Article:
I have to admit that when I planned to visit Town Creek I doubted that my kids would have much fun; I was going mostly because I was really interested in seeing an Indian mound. But surprisingly, my kids had a great time. There was plenty of open grassland for the kids to run through and roughhouse in inside the stockade area. My kids loved the Mortuary hut because it's dark and a little spooky with the mannequins frozen in mid-ceremony, plus they got to push a button that started a pre-recorded message. My toddler really enjoyed running in and out of all of the huts. And we had a race to see who could get up the mound first - there's a ramp ascending the mound that requires a bit of caution when walking up because it is steep and relatively smooth.

       If you make the trip you will need to plan accordingly because most of the drive is on rural roads and there aren't a whole lot of nearby places to stop for food or potty breaks. There are several picnic tables at Town Creek, if you're inclined to bring a lunch. You'll definitely want to GPS or Mapquest Town Creek because there is very little directive signage along the way.

      More people should definitely make the drive to see Town Creek, one of only two surviving Indian mounds in NC and the only one with an interpretive center.


ROAD TRIP: "Day Out With Thomas" at the NC Transportation Museum - Spencer

          We had already intended to visit the Transportation Museum, knowing that my toddler would love the chance to see trains and automobiles, but it just so happened that the weekend we chose to visit was the same weekend Thomas was coming. When Thomas comes he brings a carnival replete with food vendors, a small mini-golf setup, model train displays, wooden train playsets, a hay maze, a gift shop, pictures with Sir Topham Hatt, and children's performers. There was quite a crowd but because we arrived late in the afternoon I imagine we avoided even longer lines. Food vendors even gave us freebies because they wanted to get rid of their inventory on the last day of the weekend event.

Sir Topham Hatt

          Tickets to ride on Thomas were $19 a person and also included admission to the Museum. The ride itself was about 20 minutes and meandered along the edge of the Museum campus. For the first half you travel forward and then the train reverses to bring you back to the starting point. The trip is not exactly scenic but it does offer a glimpse of the Museum's rolling stock awaiting restoration.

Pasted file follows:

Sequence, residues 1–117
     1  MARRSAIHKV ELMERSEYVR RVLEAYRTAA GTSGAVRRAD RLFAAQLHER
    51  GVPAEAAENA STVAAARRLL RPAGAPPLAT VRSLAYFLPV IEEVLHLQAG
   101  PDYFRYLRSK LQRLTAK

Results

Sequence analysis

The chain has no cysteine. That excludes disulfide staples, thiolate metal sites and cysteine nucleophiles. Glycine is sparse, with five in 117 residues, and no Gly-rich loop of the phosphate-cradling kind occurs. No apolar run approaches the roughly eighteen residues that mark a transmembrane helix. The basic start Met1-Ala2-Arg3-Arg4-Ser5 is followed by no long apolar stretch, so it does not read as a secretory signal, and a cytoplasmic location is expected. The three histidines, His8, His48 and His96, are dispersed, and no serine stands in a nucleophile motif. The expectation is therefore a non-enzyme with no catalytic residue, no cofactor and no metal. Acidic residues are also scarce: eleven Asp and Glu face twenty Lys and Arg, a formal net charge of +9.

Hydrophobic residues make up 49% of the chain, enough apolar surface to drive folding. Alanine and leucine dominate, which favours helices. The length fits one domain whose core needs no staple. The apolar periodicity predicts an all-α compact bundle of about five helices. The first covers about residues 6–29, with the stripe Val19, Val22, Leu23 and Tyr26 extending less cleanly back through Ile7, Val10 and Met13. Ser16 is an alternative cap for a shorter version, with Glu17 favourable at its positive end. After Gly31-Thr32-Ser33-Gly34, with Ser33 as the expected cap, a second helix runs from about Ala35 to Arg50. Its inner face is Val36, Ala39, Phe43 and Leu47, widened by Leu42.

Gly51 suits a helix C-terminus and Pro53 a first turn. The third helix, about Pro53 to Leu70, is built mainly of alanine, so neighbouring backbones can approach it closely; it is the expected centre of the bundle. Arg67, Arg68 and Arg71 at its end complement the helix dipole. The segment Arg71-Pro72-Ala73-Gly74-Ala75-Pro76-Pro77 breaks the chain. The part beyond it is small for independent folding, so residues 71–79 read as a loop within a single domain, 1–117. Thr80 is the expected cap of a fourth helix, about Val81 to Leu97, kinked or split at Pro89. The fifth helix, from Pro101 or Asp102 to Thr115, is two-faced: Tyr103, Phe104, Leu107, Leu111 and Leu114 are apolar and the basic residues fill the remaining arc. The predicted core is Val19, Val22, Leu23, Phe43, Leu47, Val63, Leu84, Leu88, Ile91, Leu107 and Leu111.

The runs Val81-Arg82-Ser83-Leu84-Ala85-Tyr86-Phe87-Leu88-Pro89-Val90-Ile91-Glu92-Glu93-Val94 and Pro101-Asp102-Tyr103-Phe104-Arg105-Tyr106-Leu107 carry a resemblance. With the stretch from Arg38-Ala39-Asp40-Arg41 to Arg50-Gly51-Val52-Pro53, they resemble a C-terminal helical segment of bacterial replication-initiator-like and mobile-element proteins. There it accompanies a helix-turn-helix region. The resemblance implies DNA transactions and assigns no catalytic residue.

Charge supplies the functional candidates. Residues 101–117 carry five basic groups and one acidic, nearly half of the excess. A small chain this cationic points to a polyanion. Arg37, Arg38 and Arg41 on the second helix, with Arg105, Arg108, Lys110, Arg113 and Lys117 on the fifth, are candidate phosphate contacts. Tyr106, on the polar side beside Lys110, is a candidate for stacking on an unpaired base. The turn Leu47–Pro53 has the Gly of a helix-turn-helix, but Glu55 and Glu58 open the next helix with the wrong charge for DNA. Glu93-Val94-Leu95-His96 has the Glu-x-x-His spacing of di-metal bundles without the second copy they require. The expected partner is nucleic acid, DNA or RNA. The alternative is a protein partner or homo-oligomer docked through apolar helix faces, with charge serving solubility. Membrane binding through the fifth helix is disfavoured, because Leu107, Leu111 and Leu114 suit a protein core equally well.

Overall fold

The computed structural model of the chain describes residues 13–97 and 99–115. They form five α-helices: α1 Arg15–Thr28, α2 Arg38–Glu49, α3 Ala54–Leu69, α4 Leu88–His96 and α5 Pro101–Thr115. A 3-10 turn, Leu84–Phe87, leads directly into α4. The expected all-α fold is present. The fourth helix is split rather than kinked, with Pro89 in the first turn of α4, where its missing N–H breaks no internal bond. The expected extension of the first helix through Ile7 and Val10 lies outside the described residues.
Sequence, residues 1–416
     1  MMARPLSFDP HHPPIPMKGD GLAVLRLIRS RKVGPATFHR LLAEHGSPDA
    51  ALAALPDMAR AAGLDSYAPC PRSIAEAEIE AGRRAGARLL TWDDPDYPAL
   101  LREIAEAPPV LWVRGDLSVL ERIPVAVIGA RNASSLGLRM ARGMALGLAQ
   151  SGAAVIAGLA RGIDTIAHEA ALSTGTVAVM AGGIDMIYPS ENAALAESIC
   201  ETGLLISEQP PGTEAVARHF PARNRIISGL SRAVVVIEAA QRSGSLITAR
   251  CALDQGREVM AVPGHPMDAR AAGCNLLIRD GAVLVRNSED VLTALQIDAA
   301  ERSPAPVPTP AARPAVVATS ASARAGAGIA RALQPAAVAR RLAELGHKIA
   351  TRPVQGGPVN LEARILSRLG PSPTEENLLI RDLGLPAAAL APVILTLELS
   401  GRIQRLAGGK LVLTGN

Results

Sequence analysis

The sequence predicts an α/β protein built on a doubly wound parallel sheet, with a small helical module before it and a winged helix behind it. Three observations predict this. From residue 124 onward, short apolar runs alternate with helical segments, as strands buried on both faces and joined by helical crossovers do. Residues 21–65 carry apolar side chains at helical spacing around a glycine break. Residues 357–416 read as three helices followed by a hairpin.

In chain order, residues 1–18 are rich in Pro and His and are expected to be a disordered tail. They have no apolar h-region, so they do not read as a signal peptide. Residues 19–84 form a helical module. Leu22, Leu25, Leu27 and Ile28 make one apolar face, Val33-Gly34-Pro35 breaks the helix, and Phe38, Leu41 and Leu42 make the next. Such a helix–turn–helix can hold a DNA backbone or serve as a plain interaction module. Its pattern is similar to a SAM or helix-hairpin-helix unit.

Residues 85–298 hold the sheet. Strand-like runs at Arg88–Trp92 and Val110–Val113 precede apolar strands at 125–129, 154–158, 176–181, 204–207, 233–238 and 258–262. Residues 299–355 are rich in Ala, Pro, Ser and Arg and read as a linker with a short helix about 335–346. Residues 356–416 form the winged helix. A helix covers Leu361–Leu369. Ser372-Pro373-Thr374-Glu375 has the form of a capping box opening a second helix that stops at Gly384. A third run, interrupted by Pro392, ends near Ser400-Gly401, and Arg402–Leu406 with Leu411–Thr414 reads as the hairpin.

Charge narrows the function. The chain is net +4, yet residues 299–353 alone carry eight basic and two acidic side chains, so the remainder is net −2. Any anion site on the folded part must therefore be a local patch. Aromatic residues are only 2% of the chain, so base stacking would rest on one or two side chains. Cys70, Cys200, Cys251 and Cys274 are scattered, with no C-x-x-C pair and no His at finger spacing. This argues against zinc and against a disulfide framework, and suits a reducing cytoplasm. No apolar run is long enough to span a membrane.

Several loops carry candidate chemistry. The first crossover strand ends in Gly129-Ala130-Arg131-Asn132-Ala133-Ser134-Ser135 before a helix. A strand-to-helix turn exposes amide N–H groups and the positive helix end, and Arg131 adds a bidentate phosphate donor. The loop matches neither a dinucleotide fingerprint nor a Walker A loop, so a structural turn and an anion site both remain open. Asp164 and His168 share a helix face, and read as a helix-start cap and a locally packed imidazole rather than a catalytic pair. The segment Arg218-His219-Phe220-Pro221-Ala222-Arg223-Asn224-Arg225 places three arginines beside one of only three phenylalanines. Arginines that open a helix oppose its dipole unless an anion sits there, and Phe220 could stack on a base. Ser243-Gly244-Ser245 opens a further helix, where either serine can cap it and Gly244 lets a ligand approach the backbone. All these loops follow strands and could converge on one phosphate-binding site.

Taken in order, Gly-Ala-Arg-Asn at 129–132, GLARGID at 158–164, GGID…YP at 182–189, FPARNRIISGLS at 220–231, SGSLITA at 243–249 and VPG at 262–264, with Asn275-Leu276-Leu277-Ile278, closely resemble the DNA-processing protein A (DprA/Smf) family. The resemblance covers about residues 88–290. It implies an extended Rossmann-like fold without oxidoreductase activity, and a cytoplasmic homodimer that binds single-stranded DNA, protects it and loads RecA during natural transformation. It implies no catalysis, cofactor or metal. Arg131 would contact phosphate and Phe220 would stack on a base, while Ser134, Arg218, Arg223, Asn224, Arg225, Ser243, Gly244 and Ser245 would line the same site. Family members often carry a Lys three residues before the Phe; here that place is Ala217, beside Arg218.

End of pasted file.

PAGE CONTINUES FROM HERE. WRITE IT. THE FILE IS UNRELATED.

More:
____________ SPOILER ALERT ______________
      If you'd rather be surprised about what happens on a Thomas ride don't read the next paragraph.

       The inside of the passenger cars are decorated with banners and pictures of Thomas' friends. The ride begins with Thomas themed sing-along songs piped through the loudspeakers. Each passenger is given a Jr. Engineer Certificate signed by Sir Topham Hatt - my toddler gazed upon his with reverence as if he'd just received his diploma from Thomas U. Midway through the ride a 'conductor' in costume strolls through the car chatting up the passengers.

___________END OF SPOILER_________

         The Transportation Museum itself is worth seeing even when Thomas isn't in town. The campus is a former train repair depot so trains and train equipment dominate the Museum's collection. The star of the Museum's campus is the 37 stall roundhouse with working turntable - you can take a ride on the turntable for a dollar. Several noteworthy engines and passenger cars reside in the roundhouse with placards that describe their history. The Back Shop - the largest building on site where all the train repair work was done -  is currently under renovation but you can step just inside the doorway to see antique firetrucks, some unique automobiles, an amphibious plane, and you might even be able to spot the fuselage of a passenger jet. 

The Bob Julian Roundhouse

The Champion - a diesel/electric with 6 million miles of experience

inside the Back Shop

       A gift shop dominates the old Mechanics Shop but it also houses a display of small fishing boats and a conestoga wagon. Another building is devoted to antique cars spanning the decades up to a 1978 Plymouth State Police cruiser.

antique cars in the "Bumper to Bumper" exhibit

        The Museum's buildings are spread out and a bit far from the parking lot so you'll definitely want to use a stroller to transport the little ones. There is a large covered picnic shelter on site as well as restrooms. A pedestrian bridge over the railroad tracks provides visitors with a great perch to see the Museum's trains coming and going.We were able to see all of the exhibits in two hours. 

        The Transportation Museum belongs to an older era of museums in the respect that there aren't a lot of things kids can touch - except for when Thomas brings his carnival - and most of the Museum's information is delivered through text laden placards. But what the Museum lacks in interactivity it makes up for in the breadth of its' train collection, the crown of which is the preserved roundhouse. My kids had never seen a roundhouse except on Thomas and Friends. It was exciting to be able to show them the real thing, especially one with a functioning turntable.

         This excursion was all about my toddler. I can't remember the last time I saw him that excited. When he first sighted Thomas he called out his sister's name - a name we very rarely hear him pronounce - to share his excitement with her. There is such a wonderful feeling that comes from showing our kids something they have only dreamed about. Although I haven't done it, I can only imagine this is what it feels like to take children to Disney World for the first time.